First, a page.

The winter holiday of Valentine ’s Day which falls on February 14th honors a goddess and a saint—the goddess is named Juno, Roman goddess of marriage and the Christian martyr and saint is St. Valentine. One of the most common collectibles of the holiday are a tell-tale sign of the holiday—the printed Valentine cards exchanged by children and adults alike.
While the advent of commercialized printing changed the face of the greeting card industry in the early 20th Century, valentine cards of the 1940s speak volumes about a tumultuous time in American history. They also highlight our mid-century modern culture. Valentine cards from the 1940s often featured poems, rhymes, special events, famous places, cartoon characters, the military, and lovers throughout history like Samson and Delilah or Antony and Cleopatra among others.
Some of the rare, collectible, and valuable Valentine cards derived from the spectacle that was the World’s Fair held in New York City in 1939-40. One example featured an illustration of the World Fair’s Trylon and Perisphere by architects, Harrison and Fouihoux and read “Hey, hey! You’re the FAIR-est Valentine in the world.” Valentines that fall into more than one collecting category like World Fair collectibles, vintage printed greeting cards, etc. Valentines with variety of imagery attract interested buyers and command higher prices on the market. A World Fair Valentine card, for example, can be valued at $15 whereas a similar Valentine with no connection to the World’s Fair may only be worth $2 to collectors.
World War II era Valentines often offered cheerful sentiments despite the fact that the war was ever present in the minds of many lovers. Some wartime Valentines featured figures of children dressed in military uniforms stating that “I’d FIGHT them all for you, Valentine.”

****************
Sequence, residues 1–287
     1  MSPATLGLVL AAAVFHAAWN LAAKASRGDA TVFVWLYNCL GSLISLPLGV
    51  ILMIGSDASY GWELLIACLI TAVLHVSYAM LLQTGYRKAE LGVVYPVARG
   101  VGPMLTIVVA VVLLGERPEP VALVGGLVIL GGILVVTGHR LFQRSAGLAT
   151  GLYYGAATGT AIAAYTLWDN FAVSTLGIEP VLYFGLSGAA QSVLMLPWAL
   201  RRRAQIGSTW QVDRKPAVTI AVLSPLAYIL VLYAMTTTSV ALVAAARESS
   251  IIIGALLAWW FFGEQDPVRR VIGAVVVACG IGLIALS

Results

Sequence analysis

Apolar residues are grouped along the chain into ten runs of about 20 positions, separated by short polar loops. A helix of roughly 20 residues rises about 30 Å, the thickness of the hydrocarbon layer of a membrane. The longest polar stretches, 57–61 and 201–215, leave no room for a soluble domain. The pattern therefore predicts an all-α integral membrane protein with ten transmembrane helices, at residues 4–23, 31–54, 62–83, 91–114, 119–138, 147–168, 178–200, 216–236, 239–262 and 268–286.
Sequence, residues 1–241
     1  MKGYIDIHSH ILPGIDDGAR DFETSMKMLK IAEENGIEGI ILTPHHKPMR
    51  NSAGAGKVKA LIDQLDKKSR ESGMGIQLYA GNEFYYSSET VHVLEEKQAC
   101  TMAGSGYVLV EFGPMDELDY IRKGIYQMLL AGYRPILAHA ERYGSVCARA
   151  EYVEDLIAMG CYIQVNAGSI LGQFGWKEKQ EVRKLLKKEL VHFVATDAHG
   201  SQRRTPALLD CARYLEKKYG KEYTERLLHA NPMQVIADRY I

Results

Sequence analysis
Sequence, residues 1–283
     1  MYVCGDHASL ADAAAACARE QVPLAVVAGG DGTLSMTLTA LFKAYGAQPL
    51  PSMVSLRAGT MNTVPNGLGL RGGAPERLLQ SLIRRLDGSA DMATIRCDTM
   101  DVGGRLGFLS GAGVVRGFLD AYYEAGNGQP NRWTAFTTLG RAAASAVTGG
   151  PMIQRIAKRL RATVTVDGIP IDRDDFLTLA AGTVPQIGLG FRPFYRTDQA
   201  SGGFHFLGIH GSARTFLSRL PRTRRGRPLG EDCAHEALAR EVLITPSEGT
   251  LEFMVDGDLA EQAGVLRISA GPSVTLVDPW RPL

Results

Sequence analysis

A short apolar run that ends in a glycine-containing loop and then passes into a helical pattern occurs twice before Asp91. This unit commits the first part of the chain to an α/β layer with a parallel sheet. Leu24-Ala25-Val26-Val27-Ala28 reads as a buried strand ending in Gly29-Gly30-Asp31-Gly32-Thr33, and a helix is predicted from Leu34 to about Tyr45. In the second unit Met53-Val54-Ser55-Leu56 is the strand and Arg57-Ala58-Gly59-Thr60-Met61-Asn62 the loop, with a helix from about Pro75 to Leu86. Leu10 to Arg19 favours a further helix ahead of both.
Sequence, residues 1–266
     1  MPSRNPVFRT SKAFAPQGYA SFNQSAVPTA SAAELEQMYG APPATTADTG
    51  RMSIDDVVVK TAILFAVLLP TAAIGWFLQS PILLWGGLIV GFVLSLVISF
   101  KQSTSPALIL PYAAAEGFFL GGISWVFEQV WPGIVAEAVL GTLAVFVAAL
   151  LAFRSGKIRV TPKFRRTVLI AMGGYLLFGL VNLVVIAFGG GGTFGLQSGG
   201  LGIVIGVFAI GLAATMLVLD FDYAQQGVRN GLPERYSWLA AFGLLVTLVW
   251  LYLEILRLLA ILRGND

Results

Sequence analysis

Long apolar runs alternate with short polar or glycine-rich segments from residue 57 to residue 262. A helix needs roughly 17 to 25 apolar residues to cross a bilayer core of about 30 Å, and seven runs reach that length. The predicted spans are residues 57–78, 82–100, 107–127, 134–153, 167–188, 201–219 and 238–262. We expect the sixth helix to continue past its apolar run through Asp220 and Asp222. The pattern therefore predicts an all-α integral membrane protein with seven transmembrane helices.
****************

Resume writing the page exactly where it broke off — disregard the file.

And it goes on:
Air and sea travel figured prominent in the decade of the 1940s-50s and zeppelins, airplanes, rockets, and ocean liners were pictured on Valentines that read: “I’m MOONING over you, Valentine”, “Is there SPACE in your heart for me?”, and “I’d SAIL the ocean blue for you, Valentine.”
Even big businesses got into the act on Valentine ’s Day. Some Valentine cards featured pictures of kitchen appliances like refrigerators, stoves, cars, etc. A cute early 1940s Valentine card featured a girl outside and a boy inside a new, single door, light blue refrigerator or “the Frigidaire” as it was called. The card read in the boy’s voice: “Your FRIGID AIR is not so nice, Don’t treat me like a cake of ice! Be my Valentine.”
Famous cartoon characters were pictured on many Valentines and some of the most popular characters who appeared on workplace posters and war bonds announcement flyers were the beloved Disney couple, Mickey and Minnie Mouse and other Disney friends. Similarly, cartoon characters like Daisy Mae and others from the Li’l Abner comic strip drawn by Al Capp were popular features on Valentine’s cards of the 1940s. Hallmark, in cooperation with United Feature Syndicate, produced a line of cards featuring the Li’l Abner gang and other comic strips in 1946.
Personally, I think one of the best Valentine card ideas came from the designers at The E. Rosen Company of Providence, RI. The Rosen firm produced a Valentine card in the 1940s called the lollipop card. This trendy 1940s lollipop card featured two puppies on the cover and read: “Puppy love is Dandy, so I’m sending you this CANDY.” That’s right, this particular Valentine’s card of the 1940s came with its’ own candy. Now that’s a card everybody can live. Happy Valentine’s Day.
2. A Valentine for my Wife, circa 1949